Multidimensional Liquid Chromatography Covered at HTC 2024


As part of the 18th International Symposium on Hyphenated Techniques in Chromatography and Separation Technology, held May 28–31, 2024 in Leuven, Belgium, a workshop session titled “Multidimensional Liquid Chromatography” was held on May 30. Led by Session Chair Oliver J. Schmitz of the University Duisburg-Essen in Germany, this session focused on the various ways multidimensional liquid chromatography (LC) can be used in different applications.

View on medieval St Peter's church and traditional brick houses in Leuven, Belgium | Image Credit: © SvetlanaSF -

View on medieval St Peter's church and traditional brick houses in Leuven, Belgium | Image Credit: © SvetlanaSF -

First, André de Villiers of Stellenbosch University in South Africa presented “Detailed investigation of cannabis phenolics using 1- and 2-dimensional liquid chromatography hyphenated to ion mobility spectrometry and high-resolution MS.” The cannabis industry has grown significantly in recent years, and while cannabis phytochemistry, particularly regarding cannabinoid and terpenoid composition, has been extensively studied, little emphasis has been placed on the phenolic composition of cannabis. Phenolics can affect cannabis in various ways, with the plant potentially being a source of valuable flavonoids. However, less than 50 flavonoids have been reported in cannabis to date, with little information available regarding their variation between strains. In this study, 13 cannabis strains were grown with phenolic extracts of collected plant material being analyzed with 1-dimensional reversed phase LC (RP-LC) hyphenated to cyclic ion mobility spectrometry (cIMS)-high resolution MS (HR-MS), as well as comprehensive two-dimensional hydrophilic interaction chromatography (HILIC) × RP-LC-HR-MS.

Following this talk, Pia Wittenhofer of the University Duisburg-Essen in Germany presented “Heart-Cut 2D LC-MS as Tool for the Analysis of Cholesterol Biosynthesis in Pancreatic and Melanoma Cancer.” In recent studies, cholesterol has been shown to play a role in various types of cancers, showing the importance of understanding corresponding biosynthetic pathways. However, characterizing cholesterol biosynthesis poses different analytical challenges, which stem from structural similarities, matrix interferences, and significant concentration differences among precursor molecules and cholesterol itself. For this study, a novel heart-cut two-dimensional liquid chromatography–mass spectrometry (2D LC–MS) method was designed to address these challenges.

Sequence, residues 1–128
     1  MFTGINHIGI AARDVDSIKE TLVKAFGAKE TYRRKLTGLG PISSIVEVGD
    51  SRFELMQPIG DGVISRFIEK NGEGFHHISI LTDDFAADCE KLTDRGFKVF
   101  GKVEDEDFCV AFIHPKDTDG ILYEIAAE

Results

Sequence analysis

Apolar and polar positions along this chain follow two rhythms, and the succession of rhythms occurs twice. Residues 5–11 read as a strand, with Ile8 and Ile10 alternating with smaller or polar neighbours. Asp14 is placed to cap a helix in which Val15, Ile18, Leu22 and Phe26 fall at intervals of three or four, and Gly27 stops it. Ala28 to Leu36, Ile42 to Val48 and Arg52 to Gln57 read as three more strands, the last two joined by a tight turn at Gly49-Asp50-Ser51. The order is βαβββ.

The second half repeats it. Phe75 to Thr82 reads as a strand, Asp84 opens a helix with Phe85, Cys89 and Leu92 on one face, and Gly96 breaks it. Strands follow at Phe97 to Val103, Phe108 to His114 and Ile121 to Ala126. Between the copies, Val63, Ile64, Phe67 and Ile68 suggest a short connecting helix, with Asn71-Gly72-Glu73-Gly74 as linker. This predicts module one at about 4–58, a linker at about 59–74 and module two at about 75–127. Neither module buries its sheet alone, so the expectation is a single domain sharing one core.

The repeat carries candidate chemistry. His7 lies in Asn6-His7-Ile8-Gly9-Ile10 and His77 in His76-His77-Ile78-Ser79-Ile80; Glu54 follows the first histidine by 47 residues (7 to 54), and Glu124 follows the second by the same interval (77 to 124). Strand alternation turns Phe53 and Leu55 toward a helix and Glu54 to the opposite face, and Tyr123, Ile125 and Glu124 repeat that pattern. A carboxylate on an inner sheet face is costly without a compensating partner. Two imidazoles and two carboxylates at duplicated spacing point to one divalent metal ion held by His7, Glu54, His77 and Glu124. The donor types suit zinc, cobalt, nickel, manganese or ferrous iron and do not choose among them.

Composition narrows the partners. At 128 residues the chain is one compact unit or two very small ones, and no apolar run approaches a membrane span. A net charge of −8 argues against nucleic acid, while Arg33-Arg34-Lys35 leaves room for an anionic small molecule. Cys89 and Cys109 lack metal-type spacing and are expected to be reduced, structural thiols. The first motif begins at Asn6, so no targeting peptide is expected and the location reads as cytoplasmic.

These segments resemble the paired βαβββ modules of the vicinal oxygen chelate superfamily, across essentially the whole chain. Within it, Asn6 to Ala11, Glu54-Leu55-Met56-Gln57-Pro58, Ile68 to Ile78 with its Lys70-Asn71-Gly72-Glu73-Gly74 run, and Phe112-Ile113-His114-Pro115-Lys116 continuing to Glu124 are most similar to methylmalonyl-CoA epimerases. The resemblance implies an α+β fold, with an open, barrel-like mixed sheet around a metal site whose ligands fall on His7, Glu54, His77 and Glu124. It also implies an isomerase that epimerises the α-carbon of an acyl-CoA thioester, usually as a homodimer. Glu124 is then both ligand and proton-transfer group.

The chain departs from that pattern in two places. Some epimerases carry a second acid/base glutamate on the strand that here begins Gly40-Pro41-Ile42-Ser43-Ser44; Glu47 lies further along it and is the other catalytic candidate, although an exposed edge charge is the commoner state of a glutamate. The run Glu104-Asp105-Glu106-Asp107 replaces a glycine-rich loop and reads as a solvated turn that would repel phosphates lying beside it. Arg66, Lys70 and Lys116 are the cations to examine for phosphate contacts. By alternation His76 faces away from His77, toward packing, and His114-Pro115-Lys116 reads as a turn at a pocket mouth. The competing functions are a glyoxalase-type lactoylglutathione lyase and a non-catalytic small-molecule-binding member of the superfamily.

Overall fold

The next presentation, “Overcoming the challenge of large-volume modulations in coupling organic SEC with RPLC to empower forensic characterization of explosives,” was presented by Rick S. van den Hurk of Universiteit van Amsterdam in The Netherlands. One of the biggest challenges surrounding 2D LC–MS is solvent incompatibility. This occurs when two complementary separation modes are coupled where the solvent of the first dimension (1D) is a strong eluting solvent for the second-dimension (2D) separation mode. Different strategies have been used to address this, but some of these methods are not optimal in extreme scenarios where large modulation volumes are needed to maintain sensitivity in heart-cut 2D–LC applications. For this study, the scientists combined size-exclusion chromatography (SEC) and reversed-phase liquid chromatography (RPLC) in an online heart-cut 2D–LC configuration to address this issue.

Following this, Oskar Munk Kronik of the University of Copenhagen presented “An in-depth evaluation of the advantages and limitations of HILIC, RPLC, RPLC×HILIC, and HILIC×RPLC coupled to UV (- cyclic IMS) - HRMS for phenolic and flavonoid analysis in non-target screening.” Multidimensional LC and ion mobility spectrometry (IMS) have become more popular due to a desire to better resolve isomers and compounds of interest in complex samples. Reversed phase liquid chromatography (RPLC) and hydrophilic interaction chromatography (HILIC) coupled to ultraviolet (UV) and high-resolution mass spectrometry (HRMS) detection is often used for phenolic and flavonoid analysis. Here, the scientists presented these analytical properties in different combinations to show their advantages and limitations.

Finally, Marie Pardon of KU Leuven in Belgium presented “A detailed comparison of in-house developed and commercial two-dimensional liquid chromatography systems in heart-cutting and selective comprehensive modes.” 2D–LC is becoming popular for analyzing complex samples, especially with the introduction of commercial 2D–LC systems. In this study, commercial and in-house developed 2D–LC systems were compared based on experimental differences, cost, flexibility, and more.


(1) 5A: Multidimensional Liquid Chromatography. Dr. H. Weinreich, Hamburg, Germany 2024. (accessed 2024-5-30)

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